Having lost an election for Republican Utah 4th congressional district to her opponent Jim Matheson by 768 votes out of 245,277 votes cast she participated in the re-run.

Fortunately, Jim Matheson announced his decision not to participate in the rematch. On April 26, 2014, during the Utah Republican Convention, Mia was announced the winner of the Republican nomination for the 4th congressional district with 78% members vote at the convention, making her the first the first black female Republican Party member in the U.S. Congress.

The 4th Congressional District of Utah held another election for the U.S. House of Representatives on November 8, 2016. Again, incumbent Mia Love defeated Doug Owens and Collin Simonsen (Constitution Party) in the general election. Love and Owens competed in the rematch of the 2014 race, in which Love defeated Owens by five percent.

In as much as there are a lot of women out there who are capable of leading businesses and organizations as well as starting up their dream agencies like their male counterparts, they still face limitations that emanate from the aged long adversary called gender inequality.

Records have been broken, times have changed, and women are very hungry, hungry to change circumstances, to become somebody, to be famous and to also impact their world.

Many of the women in these categories have not been far from their dreams even in places like the diaspora where it might seem impossible.  Women in the diaspora have done and are still doing tremendous things in places that they do not refer to as their place of origin.

That is why we take our time to document and celebrate the women in diaspora whom we sometimes call the women of color, their achievements, and engagement in private and public sectors of the countries where they reside.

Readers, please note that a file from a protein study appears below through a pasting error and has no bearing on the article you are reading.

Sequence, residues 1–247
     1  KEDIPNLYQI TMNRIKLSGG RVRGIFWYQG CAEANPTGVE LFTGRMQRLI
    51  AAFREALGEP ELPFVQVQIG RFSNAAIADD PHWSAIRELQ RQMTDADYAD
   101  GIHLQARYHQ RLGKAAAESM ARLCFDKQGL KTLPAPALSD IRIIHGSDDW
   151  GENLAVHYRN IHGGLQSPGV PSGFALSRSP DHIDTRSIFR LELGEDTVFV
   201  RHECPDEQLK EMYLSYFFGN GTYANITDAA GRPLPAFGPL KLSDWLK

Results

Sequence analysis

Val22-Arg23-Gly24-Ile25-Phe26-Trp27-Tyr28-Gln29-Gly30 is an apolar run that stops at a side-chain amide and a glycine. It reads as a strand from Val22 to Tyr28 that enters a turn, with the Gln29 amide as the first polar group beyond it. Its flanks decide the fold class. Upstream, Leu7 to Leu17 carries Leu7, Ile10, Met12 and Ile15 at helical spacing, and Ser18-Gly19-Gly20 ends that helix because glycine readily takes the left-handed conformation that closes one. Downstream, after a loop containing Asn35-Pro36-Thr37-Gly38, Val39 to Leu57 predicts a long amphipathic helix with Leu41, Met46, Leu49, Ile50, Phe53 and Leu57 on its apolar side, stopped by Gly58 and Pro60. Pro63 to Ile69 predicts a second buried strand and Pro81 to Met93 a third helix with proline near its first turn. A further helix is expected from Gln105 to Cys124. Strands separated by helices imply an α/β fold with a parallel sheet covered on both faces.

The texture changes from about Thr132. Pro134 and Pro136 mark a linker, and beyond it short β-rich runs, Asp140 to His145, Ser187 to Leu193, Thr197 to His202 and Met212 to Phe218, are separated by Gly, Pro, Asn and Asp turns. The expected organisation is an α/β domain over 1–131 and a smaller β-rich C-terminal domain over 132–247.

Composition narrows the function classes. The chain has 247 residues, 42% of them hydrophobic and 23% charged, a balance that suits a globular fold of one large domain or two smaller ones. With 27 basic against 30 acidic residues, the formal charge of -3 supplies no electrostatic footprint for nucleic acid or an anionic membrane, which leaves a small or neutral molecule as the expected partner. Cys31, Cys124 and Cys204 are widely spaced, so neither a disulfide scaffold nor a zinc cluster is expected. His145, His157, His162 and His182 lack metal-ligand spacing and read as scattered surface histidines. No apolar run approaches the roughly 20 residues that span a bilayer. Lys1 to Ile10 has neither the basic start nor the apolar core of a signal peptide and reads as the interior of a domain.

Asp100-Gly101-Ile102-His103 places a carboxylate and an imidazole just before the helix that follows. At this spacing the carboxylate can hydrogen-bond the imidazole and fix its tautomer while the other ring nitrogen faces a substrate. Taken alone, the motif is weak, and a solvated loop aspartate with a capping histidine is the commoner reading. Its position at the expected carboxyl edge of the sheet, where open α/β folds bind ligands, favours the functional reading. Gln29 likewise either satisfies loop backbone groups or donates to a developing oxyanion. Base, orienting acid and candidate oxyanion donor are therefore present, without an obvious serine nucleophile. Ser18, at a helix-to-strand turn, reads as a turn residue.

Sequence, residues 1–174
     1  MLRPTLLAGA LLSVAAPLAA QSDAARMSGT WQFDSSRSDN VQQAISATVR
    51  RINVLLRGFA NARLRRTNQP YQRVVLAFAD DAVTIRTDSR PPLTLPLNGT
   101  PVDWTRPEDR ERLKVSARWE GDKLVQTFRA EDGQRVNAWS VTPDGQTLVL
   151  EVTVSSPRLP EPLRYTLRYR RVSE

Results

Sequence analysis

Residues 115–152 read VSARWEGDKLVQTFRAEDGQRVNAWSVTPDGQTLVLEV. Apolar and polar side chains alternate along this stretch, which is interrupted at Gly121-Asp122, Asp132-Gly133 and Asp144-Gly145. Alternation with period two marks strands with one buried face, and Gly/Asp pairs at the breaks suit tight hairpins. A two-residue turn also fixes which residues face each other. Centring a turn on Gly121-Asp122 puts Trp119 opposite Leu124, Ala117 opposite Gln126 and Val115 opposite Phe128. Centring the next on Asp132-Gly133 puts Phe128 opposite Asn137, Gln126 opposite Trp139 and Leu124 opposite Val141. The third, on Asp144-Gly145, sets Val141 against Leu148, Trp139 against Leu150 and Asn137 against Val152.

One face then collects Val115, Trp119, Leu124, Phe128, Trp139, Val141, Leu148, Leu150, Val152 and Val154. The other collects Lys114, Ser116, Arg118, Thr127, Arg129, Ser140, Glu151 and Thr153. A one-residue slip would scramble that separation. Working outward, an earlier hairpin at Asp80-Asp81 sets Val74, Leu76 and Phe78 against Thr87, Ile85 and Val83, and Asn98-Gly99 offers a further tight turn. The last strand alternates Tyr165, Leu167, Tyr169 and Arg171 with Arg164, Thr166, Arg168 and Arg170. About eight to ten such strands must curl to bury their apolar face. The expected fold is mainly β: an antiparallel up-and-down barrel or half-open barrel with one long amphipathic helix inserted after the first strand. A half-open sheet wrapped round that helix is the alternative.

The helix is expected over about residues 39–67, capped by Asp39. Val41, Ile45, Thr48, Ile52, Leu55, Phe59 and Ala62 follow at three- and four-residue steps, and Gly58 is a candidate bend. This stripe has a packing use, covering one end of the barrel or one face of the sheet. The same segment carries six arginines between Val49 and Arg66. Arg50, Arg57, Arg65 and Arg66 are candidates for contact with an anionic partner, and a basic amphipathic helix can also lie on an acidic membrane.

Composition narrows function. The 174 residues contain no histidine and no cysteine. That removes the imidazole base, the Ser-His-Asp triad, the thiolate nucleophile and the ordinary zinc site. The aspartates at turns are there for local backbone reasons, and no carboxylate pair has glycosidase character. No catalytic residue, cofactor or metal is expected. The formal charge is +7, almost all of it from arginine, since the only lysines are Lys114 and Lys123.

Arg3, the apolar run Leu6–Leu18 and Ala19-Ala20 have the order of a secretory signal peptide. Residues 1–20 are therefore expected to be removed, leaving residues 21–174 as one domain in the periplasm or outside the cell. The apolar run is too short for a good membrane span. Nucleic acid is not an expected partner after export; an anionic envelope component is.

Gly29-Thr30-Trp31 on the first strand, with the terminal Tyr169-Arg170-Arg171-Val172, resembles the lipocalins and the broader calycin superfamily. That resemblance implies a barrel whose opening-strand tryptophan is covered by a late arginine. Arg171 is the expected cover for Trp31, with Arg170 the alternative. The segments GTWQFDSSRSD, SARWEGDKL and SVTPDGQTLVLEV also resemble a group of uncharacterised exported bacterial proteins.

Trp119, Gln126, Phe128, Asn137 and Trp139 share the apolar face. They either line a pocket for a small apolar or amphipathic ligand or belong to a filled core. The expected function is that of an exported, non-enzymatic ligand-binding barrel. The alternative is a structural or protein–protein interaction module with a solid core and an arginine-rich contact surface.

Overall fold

In this edition, we take a look at Kimberly Casiano the Latin-American woman of color born on December 21, 1957, in New York City.

The former President and Chief Operating Officer of Casiano Communication currently serves as a member of Board of Directors of Ford Motor Company, Mutual of America and Mead Johnson Nutrition Company.

Kimberly Casiano is a Puerto Rican by birth her father was the Chairman of the Board of Casiano Communications.

After spending 12 years of her life in New York City, her family moved to Puerto Rico when her father joined Governor Luis A. Ferré’s cabinet as Economic Development Administrator.

Casiano studied Politics and Latin American Studies at Princeton University, she graduated in the year 1979, after which she moved to Harvard to pursue a master degree in Business Administration and in 1981 she was done and was recognized as the youngest woman to receive an MBA from Harvard at the time.

In the same year she became a master’s degree holder, that same year she established her very own Caribbean Marketing Overseas Corporation.

The Caribbean Marketing Overseas Corporation is a consulting firm that addresses areas between the United States, Caribbean and Central America on specifics such as financing, trade, and investment promotion.